Well, that’s the simplified version. If you have ever wanted to be incredibly bored, try reading this….
The four bottom copies had to be printed on cheap paper just so they were thin enough to fit in the binders correctly!
Anyway, the point of this whinge is that it is an excuse. This is the reason I have not been shooting lately, that I have not been processing lately and that I haven’t even been reading other peoples blogs.
I work in engineering, surveying and construction, I have worked all over Australia, in some very remote places and some very crowded places. I took this job because it meant I would be home most nights, spend less time working in the North West and I would get to learn some new skills. Having come from sites where working 90hrs+ a week is normal, I thought I was prepared for the onslaught of working in an engineering office preparing tenders and other documentation. Little did I know….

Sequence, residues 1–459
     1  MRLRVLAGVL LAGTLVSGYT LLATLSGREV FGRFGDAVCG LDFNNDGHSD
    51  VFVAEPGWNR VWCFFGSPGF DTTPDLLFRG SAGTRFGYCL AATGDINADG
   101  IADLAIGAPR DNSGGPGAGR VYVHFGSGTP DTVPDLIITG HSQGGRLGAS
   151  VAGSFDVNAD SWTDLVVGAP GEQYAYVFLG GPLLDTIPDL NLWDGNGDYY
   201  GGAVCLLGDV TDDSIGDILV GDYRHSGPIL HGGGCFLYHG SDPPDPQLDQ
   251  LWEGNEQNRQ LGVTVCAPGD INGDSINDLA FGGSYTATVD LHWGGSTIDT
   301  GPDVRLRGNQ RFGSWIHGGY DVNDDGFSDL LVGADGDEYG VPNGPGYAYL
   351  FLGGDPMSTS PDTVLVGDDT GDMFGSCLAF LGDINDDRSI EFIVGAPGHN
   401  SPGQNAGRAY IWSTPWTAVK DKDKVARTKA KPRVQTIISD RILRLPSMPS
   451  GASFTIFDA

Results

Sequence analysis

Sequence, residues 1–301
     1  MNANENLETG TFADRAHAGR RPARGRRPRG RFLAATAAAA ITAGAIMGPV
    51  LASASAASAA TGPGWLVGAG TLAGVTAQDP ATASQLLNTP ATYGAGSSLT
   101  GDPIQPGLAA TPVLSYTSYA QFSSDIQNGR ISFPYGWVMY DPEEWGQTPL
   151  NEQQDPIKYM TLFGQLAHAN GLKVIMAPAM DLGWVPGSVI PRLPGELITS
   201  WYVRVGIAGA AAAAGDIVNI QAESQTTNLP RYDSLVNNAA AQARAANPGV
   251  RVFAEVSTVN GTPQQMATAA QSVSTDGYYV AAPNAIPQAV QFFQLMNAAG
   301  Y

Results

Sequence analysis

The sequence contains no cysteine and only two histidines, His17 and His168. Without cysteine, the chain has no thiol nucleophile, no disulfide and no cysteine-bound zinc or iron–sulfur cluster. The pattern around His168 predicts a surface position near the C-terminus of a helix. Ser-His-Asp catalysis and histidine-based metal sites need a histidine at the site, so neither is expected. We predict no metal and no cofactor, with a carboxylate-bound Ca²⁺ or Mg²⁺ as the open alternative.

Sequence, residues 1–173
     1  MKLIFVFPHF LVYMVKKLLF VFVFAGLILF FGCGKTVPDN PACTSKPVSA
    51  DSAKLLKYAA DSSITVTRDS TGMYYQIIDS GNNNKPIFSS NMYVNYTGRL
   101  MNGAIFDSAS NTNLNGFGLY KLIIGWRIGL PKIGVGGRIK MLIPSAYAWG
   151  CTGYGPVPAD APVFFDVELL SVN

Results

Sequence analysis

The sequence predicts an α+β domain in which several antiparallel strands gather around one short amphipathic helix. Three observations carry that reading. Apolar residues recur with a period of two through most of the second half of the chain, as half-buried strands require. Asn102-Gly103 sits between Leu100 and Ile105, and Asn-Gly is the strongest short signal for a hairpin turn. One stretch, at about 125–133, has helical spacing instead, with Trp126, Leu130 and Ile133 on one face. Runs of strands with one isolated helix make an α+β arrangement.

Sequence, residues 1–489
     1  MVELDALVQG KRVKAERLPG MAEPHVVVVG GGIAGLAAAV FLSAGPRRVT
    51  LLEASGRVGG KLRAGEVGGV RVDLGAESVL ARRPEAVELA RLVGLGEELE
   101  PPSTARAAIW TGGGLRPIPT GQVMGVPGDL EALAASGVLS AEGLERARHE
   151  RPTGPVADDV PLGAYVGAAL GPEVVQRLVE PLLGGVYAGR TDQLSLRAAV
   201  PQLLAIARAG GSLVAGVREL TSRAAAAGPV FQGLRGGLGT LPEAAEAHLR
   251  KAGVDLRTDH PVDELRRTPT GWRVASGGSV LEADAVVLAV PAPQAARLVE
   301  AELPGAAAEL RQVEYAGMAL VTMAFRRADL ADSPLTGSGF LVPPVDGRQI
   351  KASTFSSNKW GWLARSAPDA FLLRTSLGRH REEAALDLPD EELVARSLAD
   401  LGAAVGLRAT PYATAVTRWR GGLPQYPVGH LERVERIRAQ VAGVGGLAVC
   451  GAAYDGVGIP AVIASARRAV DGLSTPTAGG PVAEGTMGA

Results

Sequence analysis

Next week marks 1/3 of the way through my contract, but hopefully it marks the beginning of some more reasonable working hours. It is so incredibly frustrating driving past great photo ops everyday and not having the time or energy to stop and shoot. I don’t even put my camera in the car at the moment, there is no point.
I just can’t wait for a few days of shooting sunrises, harassing some birds and swearing at my new printer.
We spent part of our weekend in the Swan Valley. Most people think of the Swan Valley for it’s wine, chocolate and tourist traps.